Valdosta Daily Times EDITORIAL: Attorney General Chris Carr is getting serious
As published by The Valdosta Daily Times Editorial Board writes:
Something unprecedented in state government has happened. Elected and appointed officials, along with records custodians in every branch of local government, better be paying close attention.
City Hall is under criminal investigation for possible violations of the Georgia Open Records Act, and if it can happen in Atlanta, it can happen anywhere else in Georgia.
The message is clear: Public records belong to the public.
Attorney General Chris Carr is getting serious.
Carr called on the Georgia Bureau of Investigation to launch a criminal probe after WSB-TV published text messages from a city official that were a clear attempt to stall a records request made by the media.
The GBI investigators are getting serious and have expanded that probe to look at the falsification of records supplied to the Atlanta Journal Constitution.
Georgia’s open government laws must be enforced.
By this action, the attorney general is sending a strong message that he intends to do just that.
Carr is exactly right when he said if we are going to have open government laws, then those laws “need to mean something.”
Any appointed or elected official, along with all records custodians, that even considered denying, stalling or exasperating an open records request, better think twice.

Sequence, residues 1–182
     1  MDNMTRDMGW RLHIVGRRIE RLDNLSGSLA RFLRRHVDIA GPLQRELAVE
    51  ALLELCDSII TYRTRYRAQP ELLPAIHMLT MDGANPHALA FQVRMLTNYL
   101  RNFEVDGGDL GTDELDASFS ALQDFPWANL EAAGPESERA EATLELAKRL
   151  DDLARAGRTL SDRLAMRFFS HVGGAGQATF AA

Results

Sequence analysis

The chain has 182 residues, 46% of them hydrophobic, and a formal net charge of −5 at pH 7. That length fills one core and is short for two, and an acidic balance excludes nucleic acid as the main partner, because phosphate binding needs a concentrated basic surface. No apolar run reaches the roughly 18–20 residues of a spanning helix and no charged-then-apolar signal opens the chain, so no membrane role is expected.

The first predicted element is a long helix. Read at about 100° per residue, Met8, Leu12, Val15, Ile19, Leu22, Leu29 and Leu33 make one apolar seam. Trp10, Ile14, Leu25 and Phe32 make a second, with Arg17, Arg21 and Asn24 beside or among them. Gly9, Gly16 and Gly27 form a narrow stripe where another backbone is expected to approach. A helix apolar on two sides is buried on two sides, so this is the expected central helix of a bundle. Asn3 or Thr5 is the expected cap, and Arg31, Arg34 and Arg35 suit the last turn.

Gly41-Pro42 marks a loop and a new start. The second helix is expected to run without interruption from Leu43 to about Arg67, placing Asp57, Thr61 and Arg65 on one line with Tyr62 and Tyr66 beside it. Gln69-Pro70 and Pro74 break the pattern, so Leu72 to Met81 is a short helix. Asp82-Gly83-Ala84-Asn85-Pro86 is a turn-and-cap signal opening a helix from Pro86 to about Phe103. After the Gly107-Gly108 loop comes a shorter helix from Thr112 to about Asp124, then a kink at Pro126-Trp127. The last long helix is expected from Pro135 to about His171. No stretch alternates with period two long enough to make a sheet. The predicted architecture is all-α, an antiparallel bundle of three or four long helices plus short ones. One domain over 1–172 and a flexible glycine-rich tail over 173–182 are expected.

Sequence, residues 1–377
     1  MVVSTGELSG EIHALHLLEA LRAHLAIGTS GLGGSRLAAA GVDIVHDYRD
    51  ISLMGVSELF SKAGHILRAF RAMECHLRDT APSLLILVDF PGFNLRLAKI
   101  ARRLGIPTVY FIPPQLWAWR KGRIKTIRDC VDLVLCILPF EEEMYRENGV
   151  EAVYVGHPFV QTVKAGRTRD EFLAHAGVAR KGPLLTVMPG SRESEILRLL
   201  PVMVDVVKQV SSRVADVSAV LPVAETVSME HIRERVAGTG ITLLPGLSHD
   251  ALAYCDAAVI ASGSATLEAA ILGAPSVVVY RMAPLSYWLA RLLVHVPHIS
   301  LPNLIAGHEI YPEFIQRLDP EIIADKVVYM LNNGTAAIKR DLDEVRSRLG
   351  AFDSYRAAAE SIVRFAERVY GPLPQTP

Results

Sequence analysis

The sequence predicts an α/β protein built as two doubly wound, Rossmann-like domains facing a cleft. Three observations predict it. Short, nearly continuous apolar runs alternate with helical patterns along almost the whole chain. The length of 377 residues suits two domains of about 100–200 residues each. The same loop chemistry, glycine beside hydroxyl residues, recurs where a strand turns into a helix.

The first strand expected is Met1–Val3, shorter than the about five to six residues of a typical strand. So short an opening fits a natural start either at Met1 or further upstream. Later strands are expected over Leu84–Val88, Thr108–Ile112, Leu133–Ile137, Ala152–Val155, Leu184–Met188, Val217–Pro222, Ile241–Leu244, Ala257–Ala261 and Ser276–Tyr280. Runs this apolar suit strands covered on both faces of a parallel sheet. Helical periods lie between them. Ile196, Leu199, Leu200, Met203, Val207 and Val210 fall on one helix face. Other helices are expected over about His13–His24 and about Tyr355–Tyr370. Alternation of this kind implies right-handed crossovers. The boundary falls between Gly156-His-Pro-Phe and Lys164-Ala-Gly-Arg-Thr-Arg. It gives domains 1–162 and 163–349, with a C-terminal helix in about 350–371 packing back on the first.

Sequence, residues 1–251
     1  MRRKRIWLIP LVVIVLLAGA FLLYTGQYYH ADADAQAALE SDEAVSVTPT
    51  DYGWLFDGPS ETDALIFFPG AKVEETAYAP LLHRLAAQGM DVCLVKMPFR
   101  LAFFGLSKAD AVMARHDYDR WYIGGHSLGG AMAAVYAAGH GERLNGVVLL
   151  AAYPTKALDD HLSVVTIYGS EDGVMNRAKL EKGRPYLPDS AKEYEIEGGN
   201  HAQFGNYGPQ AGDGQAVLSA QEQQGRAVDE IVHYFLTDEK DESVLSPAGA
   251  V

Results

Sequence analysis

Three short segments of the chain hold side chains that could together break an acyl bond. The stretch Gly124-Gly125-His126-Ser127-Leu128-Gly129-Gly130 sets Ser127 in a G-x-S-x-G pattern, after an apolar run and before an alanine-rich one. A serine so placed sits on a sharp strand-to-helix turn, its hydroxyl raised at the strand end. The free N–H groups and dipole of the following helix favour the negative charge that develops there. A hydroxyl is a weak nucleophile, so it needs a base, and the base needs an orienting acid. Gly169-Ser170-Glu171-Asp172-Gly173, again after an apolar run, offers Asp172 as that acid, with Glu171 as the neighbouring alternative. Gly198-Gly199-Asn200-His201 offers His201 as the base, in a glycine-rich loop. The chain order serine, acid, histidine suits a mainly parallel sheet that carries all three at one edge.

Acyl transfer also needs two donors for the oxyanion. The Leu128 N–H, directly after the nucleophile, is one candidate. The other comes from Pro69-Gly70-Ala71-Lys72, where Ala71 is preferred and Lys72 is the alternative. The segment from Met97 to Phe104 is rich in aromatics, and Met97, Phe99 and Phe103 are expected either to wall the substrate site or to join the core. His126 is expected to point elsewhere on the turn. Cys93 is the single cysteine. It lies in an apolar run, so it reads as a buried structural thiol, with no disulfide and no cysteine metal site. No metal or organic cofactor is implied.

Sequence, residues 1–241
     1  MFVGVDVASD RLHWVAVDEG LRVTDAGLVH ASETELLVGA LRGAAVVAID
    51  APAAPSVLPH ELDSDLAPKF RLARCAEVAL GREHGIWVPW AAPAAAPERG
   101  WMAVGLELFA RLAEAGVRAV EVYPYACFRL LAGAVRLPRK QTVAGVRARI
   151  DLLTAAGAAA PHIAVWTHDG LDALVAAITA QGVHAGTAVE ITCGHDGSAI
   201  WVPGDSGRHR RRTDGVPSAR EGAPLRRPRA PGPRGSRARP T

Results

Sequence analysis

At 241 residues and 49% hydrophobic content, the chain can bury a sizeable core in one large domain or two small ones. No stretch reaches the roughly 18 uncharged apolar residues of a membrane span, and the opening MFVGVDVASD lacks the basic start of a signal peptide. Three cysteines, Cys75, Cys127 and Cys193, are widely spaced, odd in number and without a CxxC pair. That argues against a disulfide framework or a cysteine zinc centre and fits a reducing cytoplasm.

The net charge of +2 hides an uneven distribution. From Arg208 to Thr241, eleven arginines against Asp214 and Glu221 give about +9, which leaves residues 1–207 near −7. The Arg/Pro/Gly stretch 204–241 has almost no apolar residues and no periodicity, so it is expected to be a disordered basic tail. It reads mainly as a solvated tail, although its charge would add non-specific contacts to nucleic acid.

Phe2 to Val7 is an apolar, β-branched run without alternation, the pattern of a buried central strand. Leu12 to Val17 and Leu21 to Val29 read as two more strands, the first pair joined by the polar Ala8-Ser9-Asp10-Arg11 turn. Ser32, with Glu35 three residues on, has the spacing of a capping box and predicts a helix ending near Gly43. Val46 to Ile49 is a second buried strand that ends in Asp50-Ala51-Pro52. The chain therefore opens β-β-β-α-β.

This landmark case means that now not only could you be fined for violating the Open Records Act, you could be setting yourself up for a criminal investigation. You could even go to jail.
All the records held in government hands, or filing cabinets, belong to the public.
The AG is sending a strong message that withholding public records is criminal.
Government does not get to decide what it wants to release and what it does not want to release.
It does not matter if a record might be embarrassing, inflammatory, point to illegality or even misunderstood if it is released to the public.
The public should understand that access laws are not just for the media. The laws exist for your benefit. It is your government.
Every action of government is your business.
Every document held in government halls is your piece of paper.
Every penny spent by government is your money.
From the courthouse to the statehouse to the White House, government belongs to the governed and not the governing.
You have the right to know what the governing are up to, always.
The law says you cannot knowingly or willfully frustrate, or attempt to frustrate, access to public records.
Remember, in the city of Atlanta case that is now under criminal investigation, it all started because a communications director told a staff person to be “as unhelpful as possible,” to “drag this out as long as possible,” and to “provide the information in the most confusing format possible.”
The attorney general activating the Georgia Bureau of Investigation to launch a criminal probe into violations of the state’s Sunshine Law is a game changer.
From top to bottom, everyone in public service needs to pay attention before you end up paying for a crime.